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Quick Hits: 'On The Cusp' Bengals Make Final Draft Preps; Bill Tobin Remembered; Versatility Also Key In Draft Room

Joe Burrow during Day 2 of Mandatory Minicamp on Wednesday, June 14th at Paycor Stadium in Cincinnati, Ohio.
Joe Burrow during Day 2 of Mandatory Minicamp on Wednesday, June 14th at Paycor Stadium in Cincinnati, Ohio.

The Bengals can feel a draft coming in through the championship window quarterback Joe Burrow says is flung open for his entire career.

So they're prepared to move around the board in search of the final pieces during this weekend's NFL Draft that begins with Thursday's first round (8 p.m.- ABC, ESPN, NFL Network) from Detroit.

The Bengals hold the 18th pick in the first round (an approximate 10 p.m. selection) as well as four picks in the first 97 and that includes three in Friday night's second and third rounds. The final four rounds are Saturday when the Bengals have six picks.

But when director of college scouting Mike Potts met the media Tuesday, he made it clear the Bengals believe they "are right on the cusp," of Super Bowl contention and a championship and are prepared to move.

"We know we are close. We've got a really good roster. It's far from perfect. There's definitely some holes we need to fill. What our holes may be perceived as of right now are not necessarily what they could be in the future," Potts said.

"There for sure is a sense of urgency. We think we are right on the cusp of being where we want to be. We've got 10 picks. We've got flexibility. If there's certain guys that we really target and really covet and think can get us over that hump, we would be stupid to not go and do what it takes to get a certain player if we think it can make that kind of impact."

BILL TOBIN REMEMBERED: Potts was subbing for director of player personnel Dubin Tobin, back in the building preparing for the draft after his father's death on Thursday. Bill Tobin, 83, was a fixture in the Bengals drafts since 2003 as an area scout and trusted adviser of 50 years in the league.

"I was very, very fortunate to have been around him the time that I was, not just myself but a lot of other guys in our personnel department," Potts said. "A lot of the lasting memories and things that I learned from him will stick with me for a long time … It's been a tough week, but our thoughts and prayers are with the Tobin family, the rest of his friends and guys he's worked with around the league in his phenomenal career. In my opinion, one of the best who has ever done it."

  1. 97: When the NFL re-calibrated its free-agency compensation last month and gave the Bengals the 33rd pick in the third round (97th overall), you could also view it as the first pick in the fourth round. The Bengals view it as a potential new starter, as well as more ammunition.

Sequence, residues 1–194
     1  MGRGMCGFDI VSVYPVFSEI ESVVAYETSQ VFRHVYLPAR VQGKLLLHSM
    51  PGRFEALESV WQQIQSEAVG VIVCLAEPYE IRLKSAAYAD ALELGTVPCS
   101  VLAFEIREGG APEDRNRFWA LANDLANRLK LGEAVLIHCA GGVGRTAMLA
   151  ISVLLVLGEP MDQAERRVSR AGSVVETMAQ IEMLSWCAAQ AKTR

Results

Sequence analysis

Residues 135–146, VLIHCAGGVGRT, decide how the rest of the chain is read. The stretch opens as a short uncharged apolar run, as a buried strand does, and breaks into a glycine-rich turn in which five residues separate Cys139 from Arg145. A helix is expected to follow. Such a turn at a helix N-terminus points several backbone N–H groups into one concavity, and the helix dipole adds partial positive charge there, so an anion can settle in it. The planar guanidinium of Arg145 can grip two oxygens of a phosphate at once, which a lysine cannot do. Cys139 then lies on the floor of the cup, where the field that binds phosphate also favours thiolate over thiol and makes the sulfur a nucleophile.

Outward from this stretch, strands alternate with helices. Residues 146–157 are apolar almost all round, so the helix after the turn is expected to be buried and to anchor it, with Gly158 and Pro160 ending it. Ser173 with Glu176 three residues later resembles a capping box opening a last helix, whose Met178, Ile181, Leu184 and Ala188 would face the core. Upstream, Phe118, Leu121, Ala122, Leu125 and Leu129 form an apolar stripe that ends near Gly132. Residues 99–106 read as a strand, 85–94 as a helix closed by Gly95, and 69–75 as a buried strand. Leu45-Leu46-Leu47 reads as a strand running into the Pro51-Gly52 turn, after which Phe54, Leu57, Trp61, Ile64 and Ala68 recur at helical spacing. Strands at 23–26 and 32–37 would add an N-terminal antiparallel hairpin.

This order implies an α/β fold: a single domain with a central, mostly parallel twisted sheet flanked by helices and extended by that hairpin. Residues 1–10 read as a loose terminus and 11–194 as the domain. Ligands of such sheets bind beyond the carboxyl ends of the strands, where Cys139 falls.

"I think in the top 100, specifically, the top three rounds, you're always looking to get starting caliber players. That's all the grading scales that I've been a part of in my career. You're looking for a starting caliber player (in the top 100)," Potts said. "That's the goal. It obviously never (always) works out, because every draft is different. There are different strengths and weaknesses and different depths of each individual draft.

"We can use it as ammo to potentially trade up. We could explore trading back. It gives you a lot of different flexibility."

NIL TAKE: Back in the day, one of the greatest challenges in scouting was projecting how a prospect would react when handed millions of dollars. NIL money in the college game now gives you more than a clue and the Bengals are making no bones about looking into how much a player is making and how he's handling it.

"I think it has advantages," Potts said. "It takes that projection element for some of those higher-end guys out of it. It makes it a little bit easier in that regard. We can see, 'Is this guy going to be mature with his money or is he getting hundreds of thousands of dollars … and acting irrationally?'

That part of it can help. It's something we will navigate going forward."

VERSATILE DRAFT ROOM: As the granddaughter of Bengals president Mike Brown and daughter of club VPs Katie and Troy Blackburn, Elizabeth Blackburn has been around drafts her entire life.

Now that she's the Bengals' director of strategy and engagement, versatility is not only sought in the draft but also for executing it. She's pitching in any way she can. Whether it's running reports on other teams' needs for a potential trade, or gauging how a prospect is viewed league-wide and not just by the Bengals, Blackburn is also finding a draft room niche.

"She's been awesome. I think her mindset is anything I can do to help, she always wants to lend a helping hand," Potts said. "It's hard to pinpoint one exact thing that she's helped with the most. It's just a lot of different areas and a lot of different reports and taking advantage of the information that we have."

NOT FLUID: The board the Bengals have built the past week isn't going to change drastically before Thursday night. Potts says in the last couple of days calls have been made to college coaches for final confirmations and Bengals coaches are making their final Zoom calls with prospects for one last question or two. But what they see on Tuesday is pretty much what they get.

"The board is pretty solidified right now. There's definitely not going to be any major shifts over the next 48 hours until the draft starts," Potts said. "Maybe just little tweaks here and there. Maybe this guy is the seventh guy at a position and we want to flop him with the eighth guy. It's just minor tweaks here and there. Due to more information coming in. Due to more conversation between our personnel staff, coaching staff, ownership."


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